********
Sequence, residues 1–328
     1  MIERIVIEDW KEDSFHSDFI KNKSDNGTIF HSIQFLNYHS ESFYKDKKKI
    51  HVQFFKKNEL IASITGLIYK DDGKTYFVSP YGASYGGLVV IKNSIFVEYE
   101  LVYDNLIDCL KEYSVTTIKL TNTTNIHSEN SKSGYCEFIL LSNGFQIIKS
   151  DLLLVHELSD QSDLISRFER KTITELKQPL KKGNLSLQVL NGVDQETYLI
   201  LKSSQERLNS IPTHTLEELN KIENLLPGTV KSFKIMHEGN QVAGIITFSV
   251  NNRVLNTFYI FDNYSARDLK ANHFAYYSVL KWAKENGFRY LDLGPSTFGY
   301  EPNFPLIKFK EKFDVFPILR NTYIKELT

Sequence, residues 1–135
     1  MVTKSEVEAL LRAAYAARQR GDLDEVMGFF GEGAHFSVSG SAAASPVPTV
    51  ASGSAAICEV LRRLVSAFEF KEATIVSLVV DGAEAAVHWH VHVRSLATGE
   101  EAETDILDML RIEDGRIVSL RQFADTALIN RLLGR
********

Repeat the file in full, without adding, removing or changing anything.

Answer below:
Sequence, residues 1–328
     1  MIERIVIEDW KEDSFHSDFI KNKSDNGTIF HSIQFLNYHS ESFYKDKKKI
    51  HVQFFKKNEL IASITGLIYK DDGKTYFVSP YGASYGGLVV IKNSIFVEYE
   101  LVYDNLIDCL KEYSVTTIKL TNTTNIHSEN SKSGYCEFIL LSNGFQIIKS
   151  DLLLVHELSD QSDLISRFER KTITELKQPL KKGNLSLQVL NGVDQETYLI
   201  LKSSQERLNS IPTHTLEELN KIENLLPGTV KSFKIMHEGN QVAGIITFSV
   251  NNRVLNTFYI FDNYSARDLK ANHFAYYSVL KWAKENGFRY LDLGPSTFGY
   301  EPNFPLIKFK EKFDVFPILR NTYIKELT

Sequence, residues 1–135
     1  MVTKSEVEAL LRAAYAARQR GDLDEVMGFF GEGAHFSVSG SAAASPVPTV
    51  ASGSAAICEV LRRLVSAFEF KEATIVSLVV DGAEAAVHWH VHVRSLATGE
   101  EAETDILDML RIEDGRIVSL RQFADTALIN RLLGR